very quickly. A low volatility gasoline vaporizes slowly. A good gasoline should have the right volatility for the climate in which the gasoline is used.
If the gasoline is too volatile, it will vaporize in the fuel system. The result will be a condition called VAPOR LOCK. Vapor lock is the formation of vapor in the fuel lines in a quantity sufficient to prevent the flow of gasoline through the system. Vapor lock causes the vehicle to stall from lack of fuel. In the summer and in hot climates, fuels with low volatility lessen the tendency toward vapor lock.
In modern high compression gasoline engines, the air-fuel mixture tends to ignite spontaneously or to explode instead of burning rather slowly and uniformly. The result is a knock, a ping, or a detonation. For this reason, gasoline refiners have various ways to make gasoline that does not detonate easily.
A gasoline that detonates easily is called low octane gasoline. A gasoline that resists detonation is called high octane gasoline.
The octane rating of a gasoline is a measurement of the ability of the fuel to resist knock or ping. A high octane rating indicates the fuel will NOT knock or ping easily. It should be used in a high compression or turbo-charged engine. A low octane gasoline is suitable for a low compression engine.
Octane numbers give the antiknock value of gasoline. A higher octane number (91) will resist ping better than a gasoline with a low octane number (83). Each manufacturer recommends an octane number for their engine.
For proper combustion and engine performance, the right amounts of air and fuel must be mixed together. If too much fuel or too little fuel is used, engine power, fuel economy, and efficiency are reduced.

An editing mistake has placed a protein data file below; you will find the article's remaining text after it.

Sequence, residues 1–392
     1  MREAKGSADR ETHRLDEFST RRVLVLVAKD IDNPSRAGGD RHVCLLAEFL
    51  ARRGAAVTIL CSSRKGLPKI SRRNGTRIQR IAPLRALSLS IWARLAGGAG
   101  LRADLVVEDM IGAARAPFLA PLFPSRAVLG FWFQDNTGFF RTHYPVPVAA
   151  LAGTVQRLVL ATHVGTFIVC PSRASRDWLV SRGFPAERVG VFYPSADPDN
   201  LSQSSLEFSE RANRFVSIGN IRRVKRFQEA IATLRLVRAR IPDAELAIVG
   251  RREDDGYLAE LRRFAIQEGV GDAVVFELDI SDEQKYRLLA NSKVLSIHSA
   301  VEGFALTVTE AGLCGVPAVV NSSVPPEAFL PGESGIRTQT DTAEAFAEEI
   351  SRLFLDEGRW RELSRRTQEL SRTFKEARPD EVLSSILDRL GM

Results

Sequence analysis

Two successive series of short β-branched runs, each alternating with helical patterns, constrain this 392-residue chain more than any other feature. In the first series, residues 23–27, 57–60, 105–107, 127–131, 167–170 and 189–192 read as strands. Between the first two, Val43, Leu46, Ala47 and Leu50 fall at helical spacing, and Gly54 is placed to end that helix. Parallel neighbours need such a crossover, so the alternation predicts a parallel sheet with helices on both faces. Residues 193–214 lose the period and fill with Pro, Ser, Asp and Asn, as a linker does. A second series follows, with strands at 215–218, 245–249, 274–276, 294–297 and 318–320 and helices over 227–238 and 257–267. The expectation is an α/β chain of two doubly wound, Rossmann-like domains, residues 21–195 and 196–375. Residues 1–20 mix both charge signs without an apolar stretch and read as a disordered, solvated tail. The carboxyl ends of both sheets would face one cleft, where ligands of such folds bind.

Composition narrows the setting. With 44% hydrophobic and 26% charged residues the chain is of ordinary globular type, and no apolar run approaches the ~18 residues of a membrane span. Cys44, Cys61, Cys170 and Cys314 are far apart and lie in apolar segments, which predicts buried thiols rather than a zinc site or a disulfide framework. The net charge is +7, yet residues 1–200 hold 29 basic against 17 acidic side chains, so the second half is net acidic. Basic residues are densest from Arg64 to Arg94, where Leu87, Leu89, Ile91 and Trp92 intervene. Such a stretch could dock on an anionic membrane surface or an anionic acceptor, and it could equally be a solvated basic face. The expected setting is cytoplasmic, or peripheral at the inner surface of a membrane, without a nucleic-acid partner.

For a gasoline engine, the perfect air to fuel ratio is 15:1 (15 parts air to 1 part fuel by weight). Under constant engine conditions, this ratio can help assure that all fuel is burned during combustion. The fuel system must change the air-fuel ratio with the changes in engine-operating conditions.
A lean air-fuel mixture contains a large amount of air. For example, 20:1 would be a very lean mixture. A slightly lean mixture is desirable for high gas mileage and low exhaust emissions. Extra air in the cylinder ensures that all the fuel will be burned; however, too lean of a mixture can cause poor engine performance (lack of power, missing, and even engine damage).
A rich air-fuel mixture contains a little more fuel mixed with the air. For gasoline, 8:1(8 parts air to 1 part fuel) is a very rich mixture. A slightly rich mixture tends to increase power; however, it also increases fuel consumption and exhaust emissions. An overly rich mixture will reduce engine power, foul spark plugs, and cause incomplete burning (black smoke at engine exhaust).
For gasoline or any other fuel to burn properly, it must be mixed with the right amount of air. The mixture must then be compressed and ignited. The resulting combustion produces heat, expansion of the gases, and pressure.
Normal gasoline combustion occurs when the spark plug ignites the fuel and burning progresses smoothly through the fuel mixture. Maximum cylinder pressure should be produced after a few degrees of crank rotation after the piston passes TDC on the power stroke.
Normal combustion only takes about 3/1,000 of a second. This is much slower than an explosion. Dynamite explodes in about 1/50,000 of a second. Under some undesirable conditions, however, gasoline can be made to bum quickly, making part of the combustion like an explosion.
Abnormal combustion occurs when the flame does NOT spread evenly and smoothly through the combustion chamber. The lean air-fuel mixture, high-operating temperatures, low octane, and unleaded fuels used today make abnormal combustion a major problem that creates unfavorable conditions, such as the following: 4-2Continue Reading